Signs of a Bad Custody Evaluation
In California, a court may order a custody evaluation in order to help determine what kind of custody arrangement best suits a child. Custody evaluations usually happen after other mediation has failed, and the parents are resentful toward one another. In this situation, a custody evaluator creates a report. These evaluators are considered experts, normally psychologists or therapists. Their duty is to create as objective a report as possible, not taking sides with either parent. It is possible, however, for one party to feel unfairly judged.
While a custody evaluator is supposed to give an objective, unbiased report, it is possible that this might not happen. If a parent feels that they are not getting a fair say, or are being portrayed in an overly negative light, then they should keep an eye out for signs of a bad custody evaluation.
Some of these signs include the following:
1. Spending More Time with One Parent
If a custody evaluator is spending too much time with one parent and seems to be scrutinizing them more than the other, that may be a sign of a bad evaluation. The scrutinized parent may feel unfairly singled out.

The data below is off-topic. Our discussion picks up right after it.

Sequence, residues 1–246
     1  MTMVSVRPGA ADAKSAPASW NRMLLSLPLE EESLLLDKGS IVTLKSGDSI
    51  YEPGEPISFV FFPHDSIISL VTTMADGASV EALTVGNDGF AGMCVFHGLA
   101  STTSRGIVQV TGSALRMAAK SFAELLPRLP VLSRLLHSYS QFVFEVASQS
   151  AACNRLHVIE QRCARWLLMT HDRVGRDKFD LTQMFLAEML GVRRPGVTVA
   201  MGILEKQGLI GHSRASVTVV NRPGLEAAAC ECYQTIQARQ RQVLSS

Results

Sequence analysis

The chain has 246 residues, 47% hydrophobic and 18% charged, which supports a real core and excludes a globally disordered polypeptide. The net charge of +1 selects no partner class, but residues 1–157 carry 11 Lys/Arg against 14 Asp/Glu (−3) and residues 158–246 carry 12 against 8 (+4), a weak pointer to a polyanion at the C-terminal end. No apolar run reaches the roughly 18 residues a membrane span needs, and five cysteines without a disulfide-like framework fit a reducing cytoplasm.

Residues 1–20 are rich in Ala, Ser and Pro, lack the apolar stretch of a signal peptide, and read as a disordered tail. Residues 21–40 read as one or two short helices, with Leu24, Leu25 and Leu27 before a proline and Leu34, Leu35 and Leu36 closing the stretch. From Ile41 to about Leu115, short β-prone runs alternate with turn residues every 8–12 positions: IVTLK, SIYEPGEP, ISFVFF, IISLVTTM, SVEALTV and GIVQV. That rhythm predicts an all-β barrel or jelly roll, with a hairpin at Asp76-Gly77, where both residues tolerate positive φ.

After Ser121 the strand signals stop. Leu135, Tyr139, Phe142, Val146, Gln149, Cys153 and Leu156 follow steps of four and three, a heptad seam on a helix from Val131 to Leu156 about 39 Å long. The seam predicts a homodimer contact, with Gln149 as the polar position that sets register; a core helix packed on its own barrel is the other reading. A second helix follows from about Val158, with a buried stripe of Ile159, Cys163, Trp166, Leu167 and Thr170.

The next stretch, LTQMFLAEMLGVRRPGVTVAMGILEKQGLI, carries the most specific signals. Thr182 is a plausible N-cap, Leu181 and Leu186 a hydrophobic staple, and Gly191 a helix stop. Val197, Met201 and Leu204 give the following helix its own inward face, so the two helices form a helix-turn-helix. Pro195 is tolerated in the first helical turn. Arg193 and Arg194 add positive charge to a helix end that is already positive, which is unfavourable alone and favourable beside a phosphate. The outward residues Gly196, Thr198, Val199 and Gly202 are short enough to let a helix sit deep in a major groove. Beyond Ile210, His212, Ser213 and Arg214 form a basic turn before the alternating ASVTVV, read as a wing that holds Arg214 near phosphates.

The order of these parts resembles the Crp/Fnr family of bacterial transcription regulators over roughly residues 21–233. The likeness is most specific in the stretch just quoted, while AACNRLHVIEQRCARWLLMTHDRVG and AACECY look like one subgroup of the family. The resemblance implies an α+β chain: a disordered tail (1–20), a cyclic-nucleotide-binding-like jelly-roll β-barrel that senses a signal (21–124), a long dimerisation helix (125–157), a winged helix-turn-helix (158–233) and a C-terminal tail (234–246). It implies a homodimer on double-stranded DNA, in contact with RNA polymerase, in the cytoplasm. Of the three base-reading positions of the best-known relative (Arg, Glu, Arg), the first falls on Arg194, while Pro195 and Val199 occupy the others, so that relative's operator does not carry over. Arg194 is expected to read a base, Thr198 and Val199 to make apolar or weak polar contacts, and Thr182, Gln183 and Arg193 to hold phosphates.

Similarly, if a custody evaluator seems to be giving too much positive attention to one parent, the other may not feel heard. An evaluator should not play favorites. They should be focused on the welfare of the child and not choose the side of a particular parent based on their personal preferences.
Example: The evaluator in Kay’s and Arnold’s case spends most of her time talking to Kay. From what Arnold can tell, the two seem quite friendly. Arnold is concerned that the evaluator is siding more with Kay, not allowing Arnold any time to give his version of events.
2. Not Listening to the Facts
When an evaluator talks with the parents and asks questions, they should be listening to facts presented by both sides. They should focus on the good and bad presented by both sides, remaining unbiased.
Example: When Arnold talks with the evaluator, he gives evidence of how he has cared for his daughter Lisa. His ex-wife, he says, rarely spent time with their daughter. She would go on a long business trip every month, and when she was home, she would spend more time at the spa and out with friends than with her daughter. Arnold was a stay-at-home dad, caring for their daughter while Kay was at work or traveling. Arnold makes sure to bring up the time Kay forgot to pick up their daughter from daycare. She had said, “I have so many other things to think about.” While Arnold thinks these facts are important to the case, the evaluator doesn’t seem interested. Instead, she brings up less-convincing facts from Kay’s point of view, challenging Arthur’s story.
3. Permitting Bad Behavior
If an ex is allowed to badmouth another, or otherwise engage in bad behavior, that could be a sign of a bad evaluator. Especially if the ex’s behavior is interfering with the children involved, it should be noted in the report. However, a bad evaluator may side with the misbehaving parent and focus unfairly on the other parent, zeroing in on everything they do.